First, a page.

Background: Empirical broad-spectrum antibiotics including anti-MRSA therapy are often selected because of concerns for resistant organisms. However, the outcomes of empirical anti-MRSA therapy among patients with pneumonia are unknown.
Study design: A national retrospective multicenter cohort study of hospitalizations for pneumonia.
Setting: This cohort study included 88,605 hospitalizations for pneumonia in the Veterans Health Administration health care system during 2008-2013, in which patients received either anti-MRSA or standard therapy for community-onset pneumonia.
Synopsis: Among 88,605 hospitalizations for pneumonia, 38% of the patients received empirical anti-MRSA therapy within the first day of hospitalization and vancomycin accounted for 98% of the therapy. The primary outcome was 30-day all-cause mortality after adjustment for patient comorbidities, vital signs, and laboratory results. Three treatment groups were studied: patients receiving anti-MRSA therapy (vancomycin hydrochloride or linezolid) plus guideline-recommended standard antibiotics (beta-lactam and macrolide or tetracycline hydrochloride, or fluoroquinolone); patients receiving anti-MRSA therapy without standard antibiotics; and patients receiving standard therapy alone. There was no mortality benefit of empirical anti-MRSA therapy versus standard antibiotics, even in those with risk factors for MRSA or in those whose clinical severity warranted admission to the ICU. Empirical anti-MRSA treatment was associated with greater 30-day mortality compared with standard therapy alone, with an adjusted risk ratio of 1.4 (95% confidence interval, 1.3-1.5) versus empirical anti-MRSA treatment plus standard therapy and 1.5 (1.4-1.6) versus empirical anti-MRSA treatment without standard therapy.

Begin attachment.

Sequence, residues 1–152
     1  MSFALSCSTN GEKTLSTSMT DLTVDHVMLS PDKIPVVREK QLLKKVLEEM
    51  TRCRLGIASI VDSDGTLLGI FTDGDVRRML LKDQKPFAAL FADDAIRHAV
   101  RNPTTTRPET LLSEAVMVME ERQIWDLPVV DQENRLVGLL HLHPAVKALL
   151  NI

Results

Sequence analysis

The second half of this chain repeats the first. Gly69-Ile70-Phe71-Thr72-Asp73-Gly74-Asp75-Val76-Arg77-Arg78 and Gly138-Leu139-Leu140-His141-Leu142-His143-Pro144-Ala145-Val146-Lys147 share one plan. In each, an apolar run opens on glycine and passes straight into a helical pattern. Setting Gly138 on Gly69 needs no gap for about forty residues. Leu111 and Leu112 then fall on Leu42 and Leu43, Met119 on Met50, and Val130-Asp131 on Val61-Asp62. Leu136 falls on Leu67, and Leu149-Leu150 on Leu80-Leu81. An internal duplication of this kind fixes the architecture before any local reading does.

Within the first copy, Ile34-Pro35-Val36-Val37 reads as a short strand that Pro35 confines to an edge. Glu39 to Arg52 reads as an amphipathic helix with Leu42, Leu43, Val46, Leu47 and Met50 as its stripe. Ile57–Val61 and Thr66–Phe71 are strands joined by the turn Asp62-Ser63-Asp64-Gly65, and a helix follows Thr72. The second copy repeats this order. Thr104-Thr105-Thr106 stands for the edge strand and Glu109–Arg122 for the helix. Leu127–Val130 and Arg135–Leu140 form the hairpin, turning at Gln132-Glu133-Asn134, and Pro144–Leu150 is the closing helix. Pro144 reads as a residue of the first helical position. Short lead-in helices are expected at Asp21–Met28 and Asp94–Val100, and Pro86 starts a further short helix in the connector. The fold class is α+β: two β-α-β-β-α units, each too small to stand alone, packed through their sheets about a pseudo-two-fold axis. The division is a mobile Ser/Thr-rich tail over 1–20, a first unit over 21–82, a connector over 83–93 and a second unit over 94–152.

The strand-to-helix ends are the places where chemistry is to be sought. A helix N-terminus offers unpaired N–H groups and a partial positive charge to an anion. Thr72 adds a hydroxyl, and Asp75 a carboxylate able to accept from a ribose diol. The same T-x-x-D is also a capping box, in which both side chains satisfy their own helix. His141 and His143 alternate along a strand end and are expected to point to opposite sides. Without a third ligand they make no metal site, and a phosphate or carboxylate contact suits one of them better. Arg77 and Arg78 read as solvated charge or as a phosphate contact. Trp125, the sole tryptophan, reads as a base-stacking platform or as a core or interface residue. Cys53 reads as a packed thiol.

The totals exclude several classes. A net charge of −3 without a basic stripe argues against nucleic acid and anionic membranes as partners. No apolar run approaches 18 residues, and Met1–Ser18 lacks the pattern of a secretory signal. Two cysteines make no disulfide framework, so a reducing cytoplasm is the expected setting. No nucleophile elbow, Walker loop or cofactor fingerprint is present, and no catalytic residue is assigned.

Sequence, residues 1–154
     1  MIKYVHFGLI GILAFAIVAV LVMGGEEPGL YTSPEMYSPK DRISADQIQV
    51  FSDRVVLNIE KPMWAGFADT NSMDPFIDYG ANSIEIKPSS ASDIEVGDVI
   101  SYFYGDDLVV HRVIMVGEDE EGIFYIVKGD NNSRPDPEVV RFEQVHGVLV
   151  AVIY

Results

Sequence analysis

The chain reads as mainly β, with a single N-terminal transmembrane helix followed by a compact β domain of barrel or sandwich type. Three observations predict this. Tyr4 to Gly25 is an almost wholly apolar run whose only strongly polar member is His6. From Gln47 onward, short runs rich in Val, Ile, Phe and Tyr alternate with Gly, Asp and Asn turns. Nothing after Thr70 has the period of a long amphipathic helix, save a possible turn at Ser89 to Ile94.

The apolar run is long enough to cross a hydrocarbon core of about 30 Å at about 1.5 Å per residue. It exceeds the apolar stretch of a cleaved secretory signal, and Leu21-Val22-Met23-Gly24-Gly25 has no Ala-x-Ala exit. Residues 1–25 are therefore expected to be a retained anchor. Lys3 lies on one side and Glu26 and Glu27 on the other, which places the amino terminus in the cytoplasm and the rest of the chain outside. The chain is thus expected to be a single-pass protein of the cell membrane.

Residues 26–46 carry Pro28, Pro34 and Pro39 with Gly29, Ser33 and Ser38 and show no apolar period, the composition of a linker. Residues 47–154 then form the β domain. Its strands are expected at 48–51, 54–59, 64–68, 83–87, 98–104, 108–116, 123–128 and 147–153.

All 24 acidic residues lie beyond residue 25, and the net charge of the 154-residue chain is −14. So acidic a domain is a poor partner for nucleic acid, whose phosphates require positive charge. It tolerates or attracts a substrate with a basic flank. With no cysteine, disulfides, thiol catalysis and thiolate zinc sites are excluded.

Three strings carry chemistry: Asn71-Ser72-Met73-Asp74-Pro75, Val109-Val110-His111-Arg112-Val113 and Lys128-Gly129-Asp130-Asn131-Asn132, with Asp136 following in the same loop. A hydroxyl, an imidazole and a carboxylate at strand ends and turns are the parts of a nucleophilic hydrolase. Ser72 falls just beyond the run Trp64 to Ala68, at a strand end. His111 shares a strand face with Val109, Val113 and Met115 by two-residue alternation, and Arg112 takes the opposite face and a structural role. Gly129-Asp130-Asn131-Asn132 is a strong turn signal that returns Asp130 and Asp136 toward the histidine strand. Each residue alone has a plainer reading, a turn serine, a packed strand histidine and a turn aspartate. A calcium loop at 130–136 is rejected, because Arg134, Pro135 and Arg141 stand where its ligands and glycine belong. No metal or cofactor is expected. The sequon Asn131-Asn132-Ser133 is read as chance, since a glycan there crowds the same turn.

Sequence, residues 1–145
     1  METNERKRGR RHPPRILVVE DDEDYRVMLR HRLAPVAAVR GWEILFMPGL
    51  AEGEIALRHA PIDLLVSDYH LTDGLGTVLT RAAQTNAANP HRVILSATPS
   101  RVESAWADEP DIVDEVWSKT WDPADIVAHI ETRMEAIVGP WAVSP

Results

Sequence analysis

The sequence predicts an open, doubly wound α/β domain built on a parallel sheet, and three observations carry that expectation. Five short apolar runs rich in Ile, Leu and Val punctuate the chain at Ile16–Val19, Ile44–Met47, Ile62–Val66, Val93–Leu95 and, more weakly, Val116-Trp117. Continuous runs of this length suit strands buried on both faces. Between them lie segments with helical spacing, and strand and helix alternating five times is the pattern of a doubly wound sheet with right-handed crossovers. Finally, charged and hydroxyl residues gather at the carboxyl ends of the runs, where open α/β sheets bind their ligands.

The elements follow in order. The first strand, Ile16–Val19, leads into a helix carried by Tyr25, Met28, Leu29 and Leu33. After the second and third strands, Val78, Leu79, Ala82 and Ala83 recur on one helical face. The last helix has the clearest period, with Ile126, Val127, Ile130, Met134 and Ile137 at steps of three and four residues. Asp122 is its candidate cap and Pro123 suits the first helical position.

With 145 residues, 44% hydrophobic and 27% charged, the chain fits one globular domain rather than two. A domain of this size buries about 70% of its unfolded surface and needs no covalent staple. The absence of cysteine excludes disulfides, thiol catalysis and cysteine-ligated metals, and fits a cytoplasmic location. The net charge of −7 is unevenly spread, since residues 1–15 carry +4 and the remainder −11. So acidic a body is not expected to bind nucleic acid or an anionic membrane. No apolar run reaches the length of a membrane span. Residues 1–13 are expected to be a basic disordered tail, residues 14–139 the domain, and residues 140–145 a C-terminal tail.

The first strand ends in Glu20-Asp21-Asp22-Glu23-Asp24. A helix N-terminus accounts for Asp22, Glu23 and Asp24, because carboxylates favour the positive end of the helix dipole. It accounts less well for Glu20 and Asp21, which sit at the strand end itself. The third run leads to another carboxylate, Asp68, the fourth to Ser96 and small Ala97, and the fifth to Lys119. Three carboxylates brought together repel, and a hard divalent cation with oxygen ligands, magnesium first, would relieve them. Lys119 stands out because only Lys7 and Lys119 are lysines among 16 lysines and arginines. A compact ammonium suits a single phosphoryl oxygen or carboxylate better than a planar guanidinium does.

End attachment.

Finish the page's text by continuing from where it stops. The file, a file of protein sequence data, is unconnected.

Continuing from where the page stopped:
Bottom line: Empirical anti-MRSA therapy does not improve mortality and should not be routinely used in patients hospitalized for community-onset pneumonia, even in those with MRSA risk factors.
Citation: Jones BE et al. Empirical anti-MRSA vs. standard antibiotic therapy and risk of 30-day mortality in patients hospitalized for pneumonia..
Dr. Li is assistant professor of medicine, section of hospital medicine, at the University of Virginia School of Medicine, Charlottesville.